Searching for the real Ubud

On a short walk between our guesthouse and restaurant on the popular Monkey Forest Road, we were offered no fewer than 20 taxis and a dozen massages. A fellow tourist told us that restaurant staff had thrust menus at her while she was out for a run. Certainly the hawkers in the tourist centre are pretty intense and if they're not part of your preconception of Ubud they can easily cloud your initial impressions. This was the case for us, and it took a little time and a bit of poking around before we finally understood why the city is a must-see on any itinerary to Bali.

Ubud’s main routes are clogged up with traffic throughout the day, with daytrippers from Kuta and Seminyak adding to the mass of local traffic on the hopelessly inadequate roads. Tour operators, restaurants and money changers line the streets. Pavements are often absent, with large holes randomly formed to punish those who don’t look up from their phones or cameras to see where they're going.

View Ubud only from the main drags and you’d probably leave unimpressed, having seen little more than the standard fare seen in tourist traps the world over; although in Ubud’s defence its restaurants offer more variety and better quality than you’ll find in many similarly popular towns. But the good news is that it doesn’t take a great deal of effort to dig beyond this soulless exterior and uncover the most appealing side to the town.

My early indifference to Ubud changed when we took a morning walk up to the village of Campuan. The 3km track from the edge of town took us on a steady climb above a river bank and quickly gave us views over the surrounding rice fields. We’d set off at 7am to avoid the worst of the heat and were grateful for the light rain which accompanied our early start, but by 8am the humidity was already stifling. Egrets rested in the fields and after the rain had faded, insects came out to feed on the moisture and we stopped to admire dragonflies and a particularly long millipede which narrowly avoided my size 11s.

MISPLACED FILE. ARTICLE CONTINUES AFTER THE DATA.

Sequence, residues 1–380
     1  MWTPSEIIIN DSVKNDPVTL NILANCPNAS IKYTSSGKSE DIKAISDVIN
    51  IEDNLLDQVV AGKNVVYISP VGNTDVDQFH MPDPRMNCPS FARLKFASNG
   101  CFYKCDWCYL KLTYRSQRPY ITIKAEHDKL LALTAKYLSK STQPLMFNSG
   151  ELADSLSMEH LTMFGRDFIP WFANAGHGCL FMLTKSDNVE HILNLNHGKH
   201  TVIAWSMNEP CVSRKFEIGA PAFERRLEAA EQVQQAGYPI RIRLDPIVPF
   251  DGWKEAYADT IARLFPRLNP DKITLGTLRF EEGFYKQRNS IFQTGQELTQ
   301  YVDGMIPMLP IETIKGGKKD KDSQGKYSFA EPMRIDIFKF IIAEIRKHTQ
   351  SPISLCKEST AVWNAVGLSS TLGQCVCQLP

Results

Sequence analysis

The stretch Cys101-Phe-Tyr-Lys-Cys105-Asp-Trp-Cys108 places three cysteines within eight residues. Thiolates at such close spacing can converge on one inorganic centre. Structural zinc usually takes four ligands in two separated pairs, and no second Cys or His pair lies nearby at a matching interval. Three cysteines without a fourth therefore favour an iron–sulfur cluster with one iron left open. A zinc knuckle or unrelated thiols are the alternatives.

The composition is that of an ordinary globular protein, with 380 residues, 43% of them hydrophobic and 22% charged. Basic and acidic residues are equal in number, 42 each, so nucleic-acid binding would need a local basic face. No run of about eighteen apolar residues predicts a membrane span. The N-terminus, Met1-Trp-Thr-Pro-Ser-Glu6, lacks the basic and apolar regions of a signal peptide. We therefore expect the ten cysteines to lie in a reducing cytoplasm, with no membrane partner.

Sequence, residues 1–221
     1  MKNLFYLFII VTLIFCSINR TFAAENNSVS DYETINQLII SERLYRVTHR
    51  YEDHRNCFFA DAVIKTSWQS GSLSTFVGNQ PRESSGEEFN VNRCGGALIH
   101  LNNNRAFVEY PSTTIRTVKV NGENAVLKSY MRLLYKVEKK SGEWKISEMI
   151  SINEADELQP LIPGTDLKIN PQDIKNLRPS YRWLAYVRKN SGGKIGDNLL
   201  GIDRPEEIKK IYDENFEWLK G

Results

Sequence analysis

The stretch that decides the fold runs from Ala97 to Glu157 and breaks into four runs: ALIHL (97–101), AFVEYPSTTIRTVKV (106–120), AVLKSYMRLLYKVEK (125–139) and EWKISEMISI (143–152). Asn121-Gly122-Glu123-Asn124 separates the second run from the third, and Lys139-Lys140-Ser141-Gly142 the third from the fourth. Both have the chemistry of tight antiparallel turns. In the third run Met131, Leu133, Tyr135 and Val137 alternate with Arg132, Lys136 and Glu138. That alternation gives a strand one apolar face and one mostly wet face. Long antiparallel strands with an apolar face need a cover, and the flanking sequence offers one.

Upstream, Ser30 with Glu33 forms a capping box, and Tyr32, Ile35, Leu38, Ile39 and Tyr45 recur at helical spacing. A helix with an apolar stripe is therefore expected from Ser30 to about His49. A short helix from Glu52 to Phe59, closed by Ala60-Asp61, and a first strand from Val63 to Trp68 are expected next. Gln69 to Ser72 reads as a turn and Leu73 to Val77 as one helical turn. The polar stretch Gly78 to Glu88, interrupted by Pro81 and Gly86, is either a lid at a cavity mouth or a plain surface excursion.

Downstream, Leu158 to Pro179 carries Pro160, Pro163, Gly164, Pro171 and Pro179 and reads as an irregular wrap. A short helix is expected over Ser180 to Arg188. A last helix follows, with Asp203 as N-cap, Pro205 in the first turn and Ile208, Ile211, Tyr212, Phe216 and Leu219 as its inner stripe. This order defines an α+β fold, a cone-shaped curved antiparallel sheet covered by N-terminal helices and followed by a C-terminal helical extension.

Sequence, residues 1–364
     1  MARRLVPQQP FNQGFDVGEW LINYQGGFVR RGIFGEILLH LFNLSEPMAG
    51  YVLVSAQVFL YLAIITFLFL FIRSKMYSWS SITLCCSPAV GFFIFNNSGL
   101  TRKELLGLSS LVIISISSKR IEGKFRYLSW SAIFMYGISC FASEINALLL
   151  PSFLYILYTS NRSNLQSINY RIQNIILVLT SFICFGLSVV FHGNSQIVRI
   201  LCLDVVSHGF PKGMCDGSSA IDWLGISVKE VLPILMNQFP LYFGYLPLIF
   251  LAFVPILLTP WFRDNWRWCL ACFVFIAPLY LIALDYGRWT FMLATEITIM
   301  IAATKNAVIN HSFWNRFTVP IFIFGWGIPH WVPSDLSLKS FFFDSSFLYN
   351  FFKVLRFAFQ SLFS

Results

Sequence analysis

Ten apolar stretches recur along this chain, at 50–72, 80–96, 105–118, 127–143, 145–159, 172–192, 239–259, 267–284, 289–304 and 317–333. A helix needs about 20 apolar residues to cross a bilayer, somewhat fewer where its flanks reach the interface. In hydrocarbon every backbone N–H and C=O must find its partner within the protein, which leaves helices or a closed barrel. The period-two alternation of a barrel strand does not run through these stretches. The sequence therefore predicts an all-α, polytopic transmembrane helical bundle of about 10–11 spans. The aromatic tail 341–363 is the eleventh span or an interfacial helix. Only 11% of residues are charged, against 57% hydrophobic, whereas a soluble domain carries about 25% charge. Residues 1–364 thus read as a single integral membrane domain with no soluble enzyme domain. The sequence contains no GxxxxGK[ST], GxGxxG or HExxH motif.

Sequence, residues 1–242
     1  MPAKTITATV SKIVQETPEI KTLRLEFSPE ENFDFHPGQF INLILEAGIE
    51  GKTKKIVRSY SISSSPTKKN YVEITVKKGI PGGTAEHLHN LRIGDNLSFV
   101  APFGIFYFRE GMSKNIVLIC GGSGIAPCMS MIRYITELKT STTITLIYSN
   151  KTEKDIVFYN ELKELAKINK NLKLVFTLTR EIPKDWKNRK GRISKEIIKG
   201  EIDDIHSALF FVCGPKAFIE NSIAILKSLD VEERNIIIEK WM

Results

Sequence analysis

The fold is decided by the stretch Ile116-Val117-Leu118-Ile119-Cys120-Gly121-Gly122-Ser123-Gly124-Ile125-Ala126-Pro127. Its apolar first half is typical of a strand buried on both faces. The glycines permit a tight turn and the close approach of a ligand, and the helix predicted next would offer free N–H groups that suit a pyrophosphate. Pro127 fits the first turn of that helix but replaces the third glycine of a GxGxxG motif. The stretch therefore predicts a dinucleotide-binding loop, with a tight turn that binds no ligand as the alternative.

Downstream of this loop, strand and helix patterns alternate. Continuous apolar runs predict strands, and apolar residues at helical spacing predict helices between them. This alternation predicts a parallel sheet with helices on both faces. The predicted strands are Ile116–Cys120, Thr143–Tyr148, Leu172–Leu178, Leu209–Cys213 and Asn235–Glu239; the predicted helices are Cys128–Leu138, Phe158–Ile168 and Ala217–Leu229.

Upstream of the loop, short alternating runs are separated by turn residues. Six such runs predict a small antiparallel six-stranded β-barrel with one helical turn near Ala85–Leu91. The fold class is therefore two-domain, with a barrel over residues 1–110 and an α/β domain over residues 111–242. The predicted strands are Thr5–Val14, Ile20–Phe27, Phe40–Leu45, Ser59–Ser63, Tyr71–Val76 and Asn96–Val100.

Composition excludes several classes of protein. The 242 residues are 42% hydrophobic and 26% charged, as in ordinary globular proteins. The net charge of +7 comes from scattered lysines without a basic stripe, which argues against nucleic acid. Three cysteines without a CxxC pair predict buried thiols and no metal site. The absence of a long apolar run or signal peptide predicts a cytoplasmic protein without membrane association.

In Campuan ladies were bringing their offerings to the temple and the many surrounding small shrines. Builders were already hard at work (they start very early in Bali, as we’d discovered at our previous hotel).  Chickens crossed the road for no obvious reason, and the stray dogs, so prevalent across Bali, raised their heads to see who was passing. Few were stirred into even a half-hearted bark.

Our walk took us around the edge of the rice fields and eventually back into Ubud, just in time for a well-earned shower and breakfast. After 3 days in town we’d finally seen a glimpse of the landscape which has inspired artists from around the world to settle in the town.



In fact even those who don't fancy a walk out of town can get beyond Ubud's commercial facade. Oddly enough, to lose the hustlers who fill the main roads, the best tactic is to head into the centre, between the main roads which ring the town. Here, rice fields sit between homestays and villas, and the faces at the stalls of the local shops are gentle and smiling; it's quite a contrast to the determination, almost desperation, at the central market, where visitors are chased for their precious rupiah.   

You can get Bali included as a stopover on your round the world here


Making coconut oil in a Balinese home